by Charlene Burgi
Do you ever think of nature and marvel? Things occur in nature that we take for granted. For example, I was amazed when I learned about the ability of compost and worms to clean oil spills. A few years ago a Ph.D. student, Thomas Azwell from UC Berkeley, experimented with material contaminated with crude oil. He introduced the oil to compost and discovered that the bacteria found in compost broke down the oil into a by-product that the worms loved. The process eliminated the contaminants and resulted in enriched amendments called vermicompost (worm castings). Who would have thought compost and worms held such magic!*
Most of us learned plants clean the air by taking in carbon dioxide and releasing oxygen which improves our air quality. However, did you know your indoor plants also remove formaldehyde often found in carpets, insulation and cleaning products, or trichloroethylene and benzene found in paints, ink and adhesives? While I won’t go into the process of how the plants clean the air, I can suggest you include indoor plants as part of your décor. They will not only brighten up a room, but provide quality air to your home.
Some plants are better “air cleaners” and easier to grow than others. Spathiphyllum (peace lily) and golden pothos are staple plants in my home. They require very little care, get watered once a week, and rarely need to be fertilized. They are surprisingly high on the list of most effective plants for removing toxins in the air. Dracaenas(cane plants), bamboo palms, Sansevieria (mother-in-law or snake plant) and Aglaonema (Chinese evergreen) are also high on the list.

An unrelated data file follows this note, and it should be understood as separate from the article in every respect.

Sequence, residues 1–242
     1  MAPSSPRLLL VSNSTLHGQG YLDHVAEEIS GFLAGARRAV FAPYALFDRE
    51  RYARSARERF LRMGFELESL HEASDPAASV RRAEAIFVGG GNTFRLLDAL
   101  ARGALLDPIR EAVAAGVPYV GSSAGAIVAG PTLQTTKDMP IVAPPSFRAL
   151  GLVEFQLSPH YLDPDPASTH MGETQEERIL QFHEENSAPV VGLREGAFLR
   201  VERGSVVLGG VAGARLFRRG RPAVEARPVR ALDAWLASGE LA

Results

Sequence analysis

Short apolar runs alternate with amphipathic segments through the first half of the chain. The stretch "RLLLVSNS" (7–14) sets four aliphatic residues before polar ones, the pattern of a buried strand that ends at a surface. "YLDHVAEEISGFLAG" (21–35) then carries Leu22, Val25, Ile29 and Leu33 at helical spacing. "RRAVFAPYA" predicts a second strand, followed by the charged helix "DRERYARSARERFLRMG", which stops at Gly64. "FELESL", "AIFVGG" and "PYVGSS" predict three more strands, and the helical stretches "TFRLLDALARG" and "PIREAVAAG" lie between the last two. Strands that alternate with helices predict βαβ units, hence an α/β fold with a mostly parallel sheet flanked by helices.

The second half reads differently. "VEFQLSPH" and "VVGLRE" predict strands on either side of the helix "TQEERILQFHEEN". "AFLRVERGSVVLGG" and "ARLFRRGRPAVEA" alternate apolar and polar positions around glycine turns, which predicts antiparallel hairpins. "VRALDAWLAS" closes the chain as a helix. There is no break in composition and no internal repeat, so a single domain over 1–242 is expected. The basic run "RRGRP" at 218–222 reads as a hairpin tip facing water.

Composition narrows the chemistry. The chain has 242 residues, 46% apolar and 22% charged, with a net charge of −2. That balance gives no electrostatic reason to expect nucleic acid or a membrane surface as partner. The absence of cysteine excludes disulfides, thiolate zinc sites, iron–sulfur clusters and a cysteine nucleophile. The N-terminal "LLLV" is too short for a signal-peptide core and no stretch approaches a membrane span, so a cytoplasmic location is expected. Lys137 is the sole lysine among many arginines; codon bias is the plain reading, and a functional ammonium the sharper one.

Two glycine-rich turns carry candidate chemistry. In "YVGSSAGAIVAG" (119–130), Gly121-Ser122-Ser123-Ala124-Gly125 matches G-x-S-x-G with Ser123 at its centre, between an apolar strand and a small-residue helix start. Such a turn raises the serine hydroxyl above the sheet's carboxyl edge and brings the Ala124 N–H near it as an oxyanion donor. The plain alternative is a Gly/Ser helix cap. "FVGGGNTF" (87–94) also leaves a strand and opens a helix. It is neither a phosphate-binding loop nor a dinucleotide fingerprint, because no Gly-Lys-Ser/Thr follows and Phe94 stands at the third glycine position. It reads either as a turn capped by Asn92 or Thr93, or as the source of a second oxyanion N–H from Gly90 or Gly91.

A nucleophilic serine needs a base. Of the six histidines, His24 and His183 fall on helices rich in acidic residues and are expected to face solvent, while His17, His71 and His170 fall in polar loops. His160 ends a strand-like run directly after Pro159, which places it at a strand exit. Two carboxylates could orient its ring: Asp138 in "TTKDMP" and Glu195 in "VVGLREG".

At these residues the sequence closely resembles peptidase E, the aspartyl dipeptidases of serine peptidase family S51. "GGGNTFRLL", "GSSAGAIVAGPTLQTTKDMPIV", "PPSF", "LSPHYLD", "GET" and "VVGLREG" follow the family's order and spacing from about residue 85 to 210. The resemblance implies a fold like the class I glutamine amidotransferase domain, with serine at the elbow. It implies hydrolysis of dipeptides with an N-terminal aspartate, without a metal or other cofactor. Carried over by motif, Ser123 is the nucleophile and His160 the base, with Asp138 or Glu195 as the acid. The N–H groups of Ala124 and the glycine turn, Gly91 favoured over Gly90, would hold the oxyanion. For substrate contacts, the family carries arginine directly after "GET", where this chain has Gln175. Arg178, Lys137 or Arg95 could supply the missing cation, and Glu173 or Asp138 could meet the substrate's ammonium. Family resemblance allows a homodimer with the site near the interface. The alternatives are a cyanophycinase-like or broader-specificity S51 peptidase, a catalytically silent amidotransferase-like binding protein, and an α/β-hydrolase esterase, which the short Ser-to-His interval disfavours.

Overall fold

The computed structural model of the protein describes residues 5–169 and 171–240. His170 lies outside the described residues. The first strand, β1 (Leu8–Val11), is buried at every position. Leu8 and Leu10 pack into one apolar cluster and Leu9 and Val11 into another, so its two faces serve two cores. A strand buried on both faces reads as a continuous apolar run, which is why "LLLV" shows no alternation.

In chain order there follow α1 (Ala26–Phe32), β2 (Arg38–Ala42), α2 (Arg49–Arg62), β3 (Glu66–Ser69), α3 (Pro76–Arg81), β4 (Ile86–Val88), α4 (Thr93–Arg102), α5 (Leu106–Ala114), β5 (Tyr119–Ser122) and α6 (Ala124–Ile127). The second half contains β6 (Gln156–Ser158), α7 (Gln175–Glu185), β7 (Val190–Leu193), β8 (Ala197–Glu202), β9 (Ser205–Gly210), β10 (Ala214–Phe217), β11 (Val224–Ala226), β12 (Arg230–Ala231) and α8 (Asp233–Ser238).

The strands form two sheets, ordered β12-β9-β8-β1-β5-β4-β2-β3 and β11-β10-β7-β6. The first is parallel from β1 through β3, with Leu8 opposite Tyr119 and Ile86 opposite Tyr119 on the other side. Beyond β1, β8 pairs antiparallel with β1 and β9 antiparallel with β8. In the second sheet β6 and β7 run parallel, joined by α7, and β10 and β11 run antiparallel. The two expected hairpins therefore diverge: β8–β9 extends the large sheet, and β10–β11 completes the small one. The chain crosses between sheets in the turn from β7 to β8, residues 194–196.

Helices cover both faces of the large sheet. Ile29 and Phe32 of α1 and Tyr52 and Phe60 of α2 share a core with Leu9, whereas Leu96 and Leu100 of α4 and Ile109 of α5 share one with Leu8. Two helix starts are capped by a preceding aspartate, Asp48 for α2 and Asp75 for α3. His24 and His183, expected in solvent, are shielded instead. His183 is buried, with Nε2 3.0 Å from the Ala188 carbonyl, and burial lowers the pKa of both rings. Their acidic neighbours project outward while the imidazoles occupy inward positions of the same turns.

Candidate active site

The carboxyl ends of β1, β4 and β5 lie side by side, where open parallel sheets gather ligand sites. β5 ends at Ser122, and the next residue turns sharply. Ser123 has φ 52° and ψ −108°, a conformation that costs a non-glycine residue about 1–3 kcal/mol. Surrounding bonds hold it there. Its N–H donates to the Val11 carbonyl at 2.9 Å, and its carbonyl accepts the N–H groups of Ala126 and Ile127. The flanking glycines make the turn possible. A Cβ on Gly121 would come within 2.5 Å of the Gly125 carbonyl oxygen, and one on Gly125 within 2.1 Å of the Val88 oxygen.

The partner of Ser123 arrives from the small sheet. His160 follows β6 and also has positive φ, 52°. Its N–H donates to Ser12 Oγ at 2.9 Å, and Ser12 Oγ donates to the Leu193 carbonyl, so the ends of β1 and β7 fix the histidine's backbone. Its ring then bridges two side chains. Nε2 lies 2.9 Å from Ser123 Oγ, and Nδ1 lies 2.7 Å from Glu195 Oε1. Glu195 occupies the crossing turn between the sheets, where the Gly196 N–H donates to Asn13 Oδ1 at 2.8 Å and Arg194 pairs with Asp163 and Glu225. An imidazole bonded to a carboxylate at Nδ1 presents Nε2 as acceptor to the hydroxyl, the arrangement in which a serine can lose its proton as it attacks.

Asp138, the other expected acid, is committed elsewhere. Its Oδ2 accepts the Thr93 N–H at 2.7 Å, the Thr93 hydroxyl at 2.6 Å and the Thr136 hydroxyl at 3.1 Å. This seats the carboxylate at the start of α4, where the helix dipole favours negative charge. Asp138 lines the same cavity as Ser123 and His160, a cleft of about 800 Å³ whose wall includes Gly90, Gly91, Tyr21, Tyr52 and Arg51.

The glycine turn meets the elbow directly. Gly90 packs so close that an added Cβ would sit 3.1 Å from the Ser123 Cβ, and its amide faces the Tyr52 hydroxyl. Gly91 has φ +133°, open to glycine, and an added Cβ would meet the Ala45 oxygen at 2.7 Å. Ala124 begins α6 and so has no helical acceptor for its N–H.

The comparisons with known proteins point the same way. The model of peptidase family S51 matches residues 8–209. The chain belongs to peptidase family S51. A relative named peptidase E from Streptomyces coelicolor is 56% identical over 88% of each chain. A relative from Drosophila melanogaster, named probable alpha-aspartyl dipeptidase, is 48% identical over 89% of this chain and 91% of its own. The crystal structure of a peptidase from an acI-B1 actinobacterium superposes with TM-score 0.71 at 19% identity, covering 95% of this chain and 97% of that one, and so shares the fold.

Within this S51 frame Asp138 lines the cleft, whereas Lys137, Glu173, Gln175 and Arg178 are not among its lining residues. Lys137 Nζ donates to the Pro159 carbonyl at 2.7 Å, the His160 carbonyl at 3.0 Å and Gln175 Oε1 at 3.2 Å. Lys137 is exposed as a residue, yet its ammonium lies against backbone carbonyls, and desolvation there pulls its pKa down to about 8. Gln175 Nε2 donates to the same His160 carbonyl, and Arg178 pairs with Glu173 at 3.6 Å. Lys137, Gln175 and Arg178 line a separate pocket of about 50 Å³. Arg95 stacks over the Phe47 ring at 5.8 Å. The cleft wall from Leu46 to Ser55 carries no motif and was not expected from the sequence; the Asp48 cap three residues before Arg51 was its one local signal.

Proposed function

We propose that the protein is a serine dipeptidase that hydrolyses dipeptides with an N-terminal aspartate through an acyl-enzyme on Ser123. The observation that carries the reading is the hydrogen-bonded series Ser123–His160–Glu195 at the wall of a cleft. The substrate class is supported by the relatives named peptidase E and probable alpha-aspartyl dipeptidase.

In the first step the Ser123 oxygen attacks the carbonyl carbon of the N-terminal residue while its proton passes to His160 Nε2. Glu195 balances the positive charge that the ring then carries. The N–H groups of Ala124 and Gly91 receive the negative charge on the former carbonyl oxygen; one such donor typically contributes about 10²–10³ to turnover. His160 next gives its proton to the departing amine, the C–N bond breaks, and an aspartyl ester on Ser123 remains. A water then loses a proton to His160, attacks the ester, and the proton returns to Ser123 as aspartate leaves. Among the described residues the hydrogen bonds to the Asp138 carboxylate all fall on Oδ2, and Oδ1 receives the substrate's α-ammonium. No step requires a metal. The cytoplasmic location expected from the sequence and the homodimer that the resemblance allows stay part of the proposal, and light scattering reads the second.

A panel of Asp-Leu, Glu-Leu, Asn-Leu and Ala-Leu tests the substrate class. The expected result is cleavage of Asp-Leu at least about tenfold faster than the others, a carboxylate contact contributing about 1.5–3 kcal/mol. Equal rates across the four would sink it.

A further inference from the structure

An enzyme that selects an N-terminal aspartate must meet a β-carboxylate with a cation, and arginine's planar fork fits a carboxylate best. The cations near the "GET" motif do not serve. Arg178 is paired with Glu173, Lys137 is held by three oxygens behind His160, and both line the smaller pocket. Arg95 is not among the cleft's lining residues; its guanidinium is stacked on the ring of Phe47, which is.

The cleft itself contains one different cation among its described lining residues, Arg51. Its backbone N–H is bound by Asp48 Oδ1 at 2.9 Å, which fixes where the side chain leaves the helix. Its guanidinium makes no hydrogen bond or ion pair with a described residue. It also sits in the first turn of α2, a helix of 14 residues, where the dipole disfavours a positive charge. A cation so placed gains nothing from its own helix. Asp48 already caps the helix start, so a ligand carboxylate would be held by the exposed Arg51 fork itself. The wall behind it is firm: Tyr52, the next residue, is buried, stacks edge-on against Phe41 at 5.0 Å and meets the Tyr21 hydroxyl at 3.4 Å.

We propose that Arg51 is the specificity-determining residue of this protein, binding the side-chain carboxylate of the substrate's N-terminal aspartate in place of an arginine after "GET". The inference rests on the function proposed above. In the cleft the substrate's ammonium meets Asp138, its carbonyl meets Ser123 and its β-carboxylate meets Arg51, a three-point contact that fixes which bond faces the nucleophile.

Place indoor plants in suitable lighting and avoid direct drafts. They do collect dust and, just like furniture, will benefit from having the dust removed. Plants will “breathe” easier when they are clean. Either wash the foliage by placing them under a gentle spray of lukewarm water in the shower or sink, or wiping each leaf with milk and a soft cloth.
The ability of nature to clean our environment is a wonder. And it makes me wonder what I can give back to nature in return . . .
*You can learn more about harnessing the magic of compost through making and using compost teas at the “See What’s Springing Up!” workshop we are hosting at the College of Marin – Indian Valley Campus in Ignacio on January 25 from 1-5 p.m. This free workshop is targeted to our landscape professionals, but we reserved a large room that will accommodate many people. Please call 945-1512 to reserve a space if you plan to attend. The workshop will also cover the installation of gray and rainwater systems.